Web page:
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Home News Legion testifies on veterans health, benefits legislation

Legion testifies on veterans health, benefits legislation

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The Senate Committee on Veterans’ Affairs held a hearing May 17 in Washington, D.C., to seek testimonies from local veterans service organizations (VSOs) on more than a dozen draft bills that focus on critical issues affecting veterans and their families.

The bills focus on several hot-button issues that range from improving military and veteran caregiver services, to establishing more accountability and whistleblower protection for Department of Veterans Affairs employees. American Legion National Veterans Affairs and Rehabilitation Division Director Louis Celli testified on the Legion’s behalf.

“Access to veterans health care, ensuring our veterans are able to receive the benefits they have earned, equity in services across the spectrum of veterans who faithfully served in defense of this nation, regardless of conflict, and accountability and transparency are some of the very foundational pillars that The American Legion continues to build on,” Celli said as he addressed the committee members. “Transparency and accountability are the cornerstones of leadership and good governance.”

When it comes to good governance, Celli said the Legion wants to ensure that Congress provides the VA with tools that are functional, enforceable and allow the agency to act in a manner that promotes good order, discipline and esprit de corps. Poorly crafted legislative language that fails legal and constitutional standards only serves to ruin morale and create a system of indecision, as well as a lack of surety, he said.

“The American Legion fully supports holding bad actors accountable for their actions, and criminals should be prosecuted as soon as possible,” said Celli. “(We) support giving (VA Secretary David Shulkin) any and all tools necessary to lead his agency as needed, but also want to ensure that congressional language doesn’t cause unintended consequences we have struggled with in the past.”

To ensure there is accountability at all levels within VA and that the process is transparent, Celli said the Legion supports any legislation – to include the VA Accountability and Whistleblower Protection Act of 2017 – that increases the authority given to the VA secretary to remove unscrupulous employees who are found to have engaged in wrongdoing. “Despite multiple verified cases of gross misconduct for multiple employees, the VA secretary had little authority to hold employees accountable, and many veterans subsequently lost faith in the system,” he said. “Egregious behavior would not be affected by this provision as it would surpass the already established evidentiary threshold of a preponderance of evidence.”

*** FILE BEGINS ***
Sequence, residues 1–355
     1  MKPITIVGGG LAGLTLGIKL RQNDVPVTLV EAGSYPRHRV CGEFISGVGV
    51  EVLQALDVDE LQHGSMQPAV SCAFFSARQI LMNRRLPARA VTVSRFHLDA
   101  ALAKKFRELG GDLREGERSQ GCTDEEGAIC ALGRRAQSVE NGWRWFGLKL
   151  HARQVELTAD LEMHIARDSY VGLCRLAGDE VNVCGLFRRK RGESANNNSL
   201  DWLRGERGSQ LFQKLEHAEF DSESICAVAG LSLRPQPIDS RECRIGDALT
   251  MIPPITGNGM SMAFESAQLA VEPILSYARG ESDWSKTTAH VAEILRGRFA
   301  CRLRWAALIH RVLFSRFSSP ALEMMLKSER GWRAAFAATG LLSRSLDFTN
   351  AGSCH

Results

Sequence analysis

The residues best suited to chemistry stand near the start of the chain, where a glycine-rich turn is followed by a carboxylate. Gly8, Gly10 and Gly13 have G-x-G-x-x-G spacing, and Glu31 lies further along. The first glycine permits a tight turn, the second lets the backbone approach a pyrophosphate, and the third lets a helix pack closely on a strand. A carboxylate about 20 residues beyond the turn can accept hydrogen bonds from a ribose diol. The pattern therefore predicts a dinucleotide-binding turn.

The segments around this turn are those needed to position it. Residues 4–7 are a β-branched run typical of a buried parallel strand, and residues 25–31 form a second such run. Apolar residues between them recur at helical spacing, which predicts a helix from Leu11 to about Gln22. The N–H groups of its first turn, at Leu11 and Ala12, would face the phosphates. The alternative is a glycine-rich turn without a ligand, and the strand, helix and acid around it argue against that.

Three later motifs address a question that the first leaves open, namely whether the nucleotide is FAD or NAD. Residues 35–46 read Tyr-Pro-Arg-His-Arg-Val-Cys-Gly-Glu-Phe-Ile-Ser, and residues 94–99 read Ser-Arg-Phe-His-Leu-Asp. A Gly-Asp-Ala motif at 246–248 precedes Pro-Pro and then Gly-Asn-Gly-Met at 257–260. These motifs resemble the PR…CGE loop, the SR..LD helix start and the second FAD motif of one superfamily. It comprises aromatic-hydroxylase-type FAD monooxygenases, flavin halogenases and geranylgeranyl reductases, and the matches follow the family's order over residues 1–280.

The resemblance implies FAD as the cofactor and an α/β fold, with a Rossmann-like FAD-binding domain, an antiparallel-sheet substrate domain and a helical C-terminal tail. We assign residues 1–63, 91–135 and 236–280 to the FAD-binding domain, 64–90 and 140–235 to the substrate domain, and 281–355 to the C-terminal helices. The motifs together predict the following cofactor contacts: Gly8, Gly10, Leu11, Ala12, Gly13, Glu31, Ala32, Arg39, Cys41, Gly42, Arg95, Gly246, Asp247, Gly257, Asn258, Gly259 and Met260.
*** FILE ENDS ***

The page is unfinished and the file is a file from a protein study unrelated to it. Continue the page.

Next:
In addition to increased accountability, Celli said the Legion also believes in providing VA department whistleblowers with a means to solve problems at the lowest level possible, while offering them protection from reprisals and genuine protection for those who reprise against them.

The Accountability and Whistleblower Protection Act would not only establish a new system that employees could use to report retaliation claims, but also require supervisors to report all retaliation claims to facility directors, eliminating the possibility for facility leaders to claim plausible deniability of such assertions, according to Celli.

“We do not want to encourage an atmosphere that reduces the burden of managers to collect appropriate documentation,” Celli said in his written testimony. “This is why The American Legion vociferously urged Congress to provide the secretary much-needed authorities so that he may take action to improve moral, incentivize desired behavior, deter misconduct and eliminate corrupt or uncaring employees.”

As the largest VSO in the United States with a myriad of programs supporting veterans, Celli said the Legion will not waiver in its support to ensure all veterans are treated equally under law. “It is imperative that Senate Bill 591 (Military and Veteran Caregiver Services Improvement Act of 2017) not only pass but that benefits be expanded to all pre-9/11 veterans,” he said.

According to Celli, the struggle to care for veterans who are wounded takes a terrible toll on families. Perhaps the biggest is protracted frustration over how the current caregiver program operates, he said.





When the Caregivers and Veterans Omnibus Health Services Act of 2010 was passed and signed into law, Celli said this landmark legislation provided a comprehensive package of caregiver benefits including: